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Starting my Tusken Raider

For those that are not in the know, I am currently working on my second screen-accurate Star Wars costume. I already own one costume that is 501st approved and that is my Tie Fighter Pilot (Technically, I have two. The Imperial Crewman is just a Pilot without the armor and helmet). Let’s get back to what is important, my new costume. This time I am working on a Tusken Raider.

You may remember the Tusken Raiders from the original films. They were the ones that ambushed Luke after he found R2 in the canyon and ran off when Obi-wan appeared. If you aren’t cool, you probably know them as the people that kidnapped Shmi Skywalker and resulted in them being massacred by Anakin. I am working on the Episode 4 / original version of a Tusken. There are some differences between the films. The masks have a different shape in the prequels and the prequel era Tuskens don’t have the respirators around their neck. Their are other differences like the types of bandoliers used, and materials, but I won’t bore you with that.

I have began the process of gathering parts to build this costume. I highly recommend visiting the Krayt Clan if you are interested in Tuskens. Go there, signup and like any forum on the net, read, read, read, before asking questions that have probably been asked before.

I am trying to build this for as cheap as I can. I’m shooting for 300-350 USD. If you think that is expensive, I would advise to not get into replica costume or prop building. I know a guy here in Japan that made his Tusken for about 150 bucks. However, he makes props and stuff professionally, and has a lot of parts and tools laying around.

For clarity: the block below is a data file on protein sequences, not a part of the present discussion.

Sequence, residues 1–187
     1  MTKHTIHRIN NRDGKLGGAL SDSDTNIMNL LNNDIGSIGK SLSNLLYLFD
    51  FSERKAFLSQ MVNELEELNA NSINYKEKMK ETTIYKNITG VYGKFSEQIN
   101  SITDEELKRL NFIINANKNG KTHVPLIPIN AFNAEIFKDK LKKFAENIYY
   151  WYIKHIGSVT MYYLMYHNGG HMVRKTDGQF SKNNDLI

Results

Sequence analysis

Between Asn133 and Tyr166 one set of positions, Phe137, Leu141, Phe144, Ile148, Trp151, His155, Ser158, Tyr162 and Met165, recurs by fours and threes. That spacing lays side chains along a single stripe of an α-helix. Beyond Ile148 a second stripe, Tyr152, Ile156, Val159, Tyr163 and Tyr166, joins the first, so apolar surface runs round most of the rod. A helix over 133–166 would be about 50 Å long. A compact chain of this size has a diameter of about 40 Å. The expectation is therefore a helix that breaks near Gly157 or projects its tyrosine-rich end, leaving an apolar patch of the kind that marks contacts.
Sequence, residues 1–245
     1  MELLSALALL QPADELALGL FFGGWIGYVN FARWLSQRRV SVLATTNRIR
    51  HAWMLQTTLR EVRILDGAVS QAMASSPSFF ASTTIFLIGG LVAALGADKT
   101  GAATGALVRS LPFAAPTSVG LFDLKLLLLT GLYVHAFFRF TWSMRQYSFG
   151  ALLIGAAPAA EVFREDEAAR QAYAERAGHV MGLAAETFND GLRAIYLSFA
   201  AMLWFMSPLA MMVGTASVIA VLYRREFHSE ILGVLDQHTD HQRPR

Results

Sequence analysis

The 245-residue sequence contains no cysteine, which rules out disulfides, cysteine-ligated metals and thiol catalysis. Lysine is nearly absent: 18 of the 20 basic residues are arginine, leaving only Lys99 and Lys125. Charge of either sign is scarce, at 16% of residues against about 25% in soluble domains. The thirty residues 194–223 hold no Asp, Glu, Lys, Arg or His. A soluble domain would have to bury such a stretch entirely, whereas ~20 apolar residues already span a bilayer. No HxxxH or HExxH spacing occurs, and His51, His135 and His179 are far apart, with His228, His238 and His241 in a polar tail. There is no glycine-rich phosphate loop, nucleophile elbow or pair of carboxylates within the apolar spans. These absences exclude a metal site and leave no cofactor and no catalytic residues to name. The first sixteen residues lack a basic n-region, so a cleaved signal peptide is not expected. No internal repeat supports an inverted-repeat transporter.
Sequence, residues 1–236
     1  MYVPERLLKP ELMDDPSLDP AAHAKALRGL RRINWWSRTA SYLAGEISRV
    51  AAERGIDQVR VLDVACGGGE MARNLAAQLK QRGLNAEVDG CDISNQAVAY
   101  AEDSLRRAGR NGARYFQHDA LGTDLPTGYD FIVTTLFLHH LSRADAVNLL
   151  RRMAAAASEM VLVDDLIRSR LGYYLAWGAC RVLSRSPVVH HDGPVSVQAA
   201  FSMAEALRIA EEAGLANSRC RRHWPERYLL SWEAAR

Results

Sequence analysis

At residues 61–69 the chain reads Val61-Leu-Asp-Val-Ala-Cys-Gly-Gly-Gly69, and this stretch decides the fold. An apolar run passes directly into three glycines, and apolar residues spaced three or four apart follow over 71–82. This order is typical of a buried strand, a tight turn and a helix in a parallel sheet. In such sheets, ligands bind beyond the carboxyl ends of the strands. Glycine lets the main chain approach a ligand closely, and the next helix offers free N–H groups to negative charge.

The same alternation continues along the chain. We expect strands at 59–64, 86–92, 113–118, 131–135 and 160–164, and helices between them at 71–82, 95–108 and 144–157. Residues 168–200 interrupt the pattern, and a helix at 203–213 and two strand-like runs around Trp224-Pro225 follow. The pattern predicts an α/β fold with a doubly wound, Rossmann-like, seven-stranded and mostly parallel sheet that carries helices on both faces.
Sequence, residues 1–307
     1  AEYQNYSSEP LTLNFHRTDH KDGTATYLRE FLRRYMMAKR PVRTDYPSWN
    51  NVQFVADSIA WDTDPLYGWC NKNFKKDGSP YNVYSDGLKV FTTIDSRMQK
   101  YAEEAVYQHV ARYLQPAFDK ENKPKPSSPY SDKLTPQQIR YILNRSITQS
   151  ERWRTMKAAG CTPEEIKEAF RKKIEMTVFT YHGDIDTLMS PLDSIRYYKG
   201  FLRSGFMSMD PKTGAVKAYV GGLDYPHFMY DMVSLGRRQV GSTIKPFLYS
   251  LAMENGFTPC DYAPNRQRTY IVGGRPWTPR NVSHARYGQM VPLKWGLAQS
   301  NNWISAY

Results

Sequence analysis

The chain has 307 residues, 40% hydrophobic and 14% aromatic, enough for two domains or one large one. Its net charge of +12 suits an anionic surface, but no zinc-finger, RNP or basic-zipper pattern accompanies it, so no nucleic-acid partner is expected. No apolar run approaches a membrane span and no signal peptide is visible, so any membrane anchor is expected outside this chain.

I first started on my boots. I went to a local fabric store and picked up 2 yards of khaki denim. It cost me about 1500 yen ($15). I went home and cut it into 1.5-2 inch strips. I also made some 1 inch strips as well. After that I put it in the wash. I had read that people washed the strips after cutting but I wasn’t sure. I will tell you that when you pull them out of the wash it makes sense. You will end up with a pile of frayed, although twisted and knotted, pile of cloth. After you untie and cut away all the knotting, its time to weather the strips.

Weathered khaki denim

Weathered Khaki Denim

To weather and dye your strips you can use diluted dye, but the easiest way is tea or coffee. I make a big pot of coffee through in about 10 teabags, and put in my strips of cloth. Then I went to sleep and pulled them out 8 hours later. To set the die I used isopropyl (rubbing) alcohol. I put the strips in a ziplock bag and added some alcohol and squished it around. After that hung them to dry. [An alternate way to weather would be to add the cloth into the tea/coffee bath and continue to boil for 40 minutes or so. Then add in some more water and salt to help set the dye. Continue to boil for 15-20 minutes. I did this on my 1 inch strips. They are a little darker, which is cool. I'll be using these on my hands.]

While my strips were hanging I misted them with black, olive drab, and sand colored spray paint to give them a little extra.

making a boot from a shoe and pants.

Glue Pants to Shoes

I also had a tube of brown water color I picked up at the 100 yen ($1) store. I mixed it with some water and put it in a spray bottle. It wasn’t really doing anything. I noticed the bottle was leaking on to my hands so I wiped them on the strips. The result was pretty cool so I started pouring it on my hands and wiping my hands on the cloth.

Next I started on my boots. I’m trying to keep this cheap, so I used an old pair of Vans and a pair of jeans to make the boots. I picked this up off of the Krayt Clan forums. Another user there posted what he did and I liked it.

Then add duct tape

Duct Tape for support and shape

Basically you cut part of the leg off the pants and glue it to an old shoe (slip-on!). After that you can use duct tape to give it some shape and support. From there I used about some of my strips to wrap the boot. In places like the heel and toe I actually cut several smaller strips to fit around the contours. I hid the ends of the fabric when I wrapped around with the longer strips. I used hot glue and some fabric glue to keep things attached. I then put Shoe Goo over the bottom of the boots to give them soles and also to prevent the cloth on the bottom from getting ripped away.

Wrap, glue, finished!

I still need to add some more weathering, but that’s it for now. Total cost for boots about 15 bucks, 25 with Shoe Goo. I’ll be hitting up the gloves and respirator later in the week.